Del Rio to remain Jags coach
JACKSONVILLE, Fla. -- After conducting his most extensive review in 15 years, Jacksonville Jaguars owner Wayne Weaver decided to stick with coach Jack Del Rio.
At least for another year.
Weaver held a half-day meeting with Del Rio on Tuesday, then said the two would continue their rebuilding project with the Jaguars.
"I believe in Jack, that's he's the guy," Weaver said two days before his 75th birthday. "After going through this process, Jack is the guy that can get us there. The fans have to have enough trust in me to believe that I'm making the right decision for the franchise."
The announcement came amid reports that Del Rio was a candidate to succeed Pete Carroll at Southern California. Carroll left USC to become the Seattle Seahawks coach. The L.A. Daily News reported Monday that Del Rio, an All-American linebacker for the Trojans in 1984, had been sent a contract to sign.
"Didn't even talk about that," Weaver said. "I wasn't interested in that. I was interested in if Jack wanted to be here and was committed to this franchise and that he shared my vision and my goals for this franchise and how we go forward. That was the substance of the conversations."
Del Rio said early Tuesday that he had not been offered the USC job, but declined to address the media following his meeting with Weaver. The owner, however, said, "I assure you he's not going to Southern Cal."
Instead, Del Rio will try to get the Jaguars to the postseason for just the third time in the last 11 years.
Jacksonville looked like it was on track for a playoff berth in 2009, but the team lost its final four games, faded from contention and finished last in the AFC South for the second straight season. It was a significant setback for a small-market franchise known more for empty seats than postseason prowess.
Many Jaguars fans have expressed frustration with Del Rio, who is 58-57 in seven seasons and has just one playoff victory.
But Weaver blamed the team's recent struggles on a series of first-round draft busts and poor free-agent signings.
"Over the past seven years, we've had our ups and down and we've been an average football team," Weaver said. "We've had some good seasons, but if you look at the body of work, we've been average. ... Had we hit on two or three of those draft choices, we'd be a different football team than we are today. I have to accept responsibility for that."
Weaver cleaned house last year, parting ways with several veterans and turning control over to new general manager Gene Smith. He kept Del Rio, though, and said he was confident he would turn things around.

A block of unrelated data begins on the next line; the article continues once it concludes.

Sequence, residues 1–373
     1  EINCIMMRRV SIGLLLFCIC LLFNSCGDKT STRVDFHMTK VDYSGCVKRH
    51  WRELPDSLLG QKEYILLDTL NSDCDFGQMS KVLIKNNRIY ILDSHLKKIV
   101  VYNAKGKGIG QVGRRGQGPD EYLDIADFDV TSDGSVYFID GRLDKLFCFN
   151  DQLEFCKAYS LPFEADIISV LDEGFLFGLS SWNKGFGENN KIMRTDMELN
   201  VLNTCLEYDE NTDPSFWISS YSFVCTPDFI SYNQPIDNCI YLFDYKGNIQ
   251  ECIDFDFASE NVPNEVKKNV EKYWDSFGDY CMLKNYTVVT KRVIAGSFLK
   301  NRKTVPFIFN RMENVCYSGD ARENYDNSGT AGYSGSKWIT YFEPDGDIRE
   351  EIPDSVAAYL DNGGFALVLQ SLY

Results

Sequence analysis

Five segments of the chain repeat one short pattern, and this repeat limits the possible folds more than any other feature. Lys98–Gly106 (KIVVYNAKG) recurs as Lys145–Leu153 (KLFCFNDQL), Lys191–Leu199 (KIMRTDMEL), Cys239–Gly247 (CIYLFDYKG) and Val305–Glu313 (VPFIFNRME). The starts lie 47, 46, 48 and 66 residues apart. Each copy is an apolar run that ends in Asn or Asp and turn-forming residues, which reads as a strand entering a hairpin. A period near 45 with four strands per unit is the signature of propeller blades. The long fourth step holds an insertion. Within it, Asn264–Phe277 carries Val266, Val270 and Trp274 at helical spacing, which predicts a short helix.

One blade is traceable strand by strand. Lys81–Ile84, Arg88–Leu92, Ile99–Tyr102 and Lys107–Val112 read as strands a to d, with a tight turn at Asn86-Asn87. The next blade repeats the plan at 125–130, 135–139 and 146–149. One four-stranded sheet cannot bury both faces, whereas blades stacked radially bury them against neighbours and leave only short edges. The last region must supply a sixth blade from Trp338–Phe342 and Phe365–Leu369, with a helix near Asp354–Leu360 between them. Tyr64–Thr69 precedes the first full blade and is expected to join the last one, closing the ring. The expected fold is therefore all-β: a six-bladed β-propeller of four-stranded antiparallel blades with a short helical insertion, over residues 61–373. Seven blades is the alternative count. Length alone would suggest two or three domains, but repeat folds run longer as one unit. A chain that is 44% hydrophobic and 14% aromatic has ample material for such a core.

Smith and Del Rio took an aggressive approach to revamping the roster. Four rookies started most of the season, and several more played significant snaps.
The result was a 7-5 start that had Jacksonville in line for a wild-card spot. The losing streak ended all the team's postseason chances.
Weaver acknowledged that he never expected to reach the playoffs with more than 30 new faces on the roster, but made it clear that Jacksonville should be a playoff contender in 2010.
"My expectations are that we're going to be better than average and we're going to be competing for the playoffs -- not just for next year, but for years to come," Weaver said. "If you do it the right way, there's no reason that you can't compete for the playoffs every year, and I think we've got the team in place."
Weaver also said money had nothing to do with his decision to keep Del Rio. The coach just completed the first year of a contract extension and would be owed nearly $16 million if fired -- a huge payout for a team that blacked out nine of 10 home games because of slumping ticket sales.
"Money is never a factor," Weaver said. "It's a lot of money. I'm not going to say it's not, but money is not a factor. I want to win. I want one of those rings."
And he believes Del Rio can help him get one.
"The definition of insanity is to keep doing the same thing over and over and expect a different result," Weaver said. "I don't think we're at that point.
"We know there's things we have to do differently and things we have to do a lot better than we have in the past, and I think we're all on the same page and have our sights on the same goals. I'm excited about where we're going with this football team."
Information from The Associated Press was used in this report.
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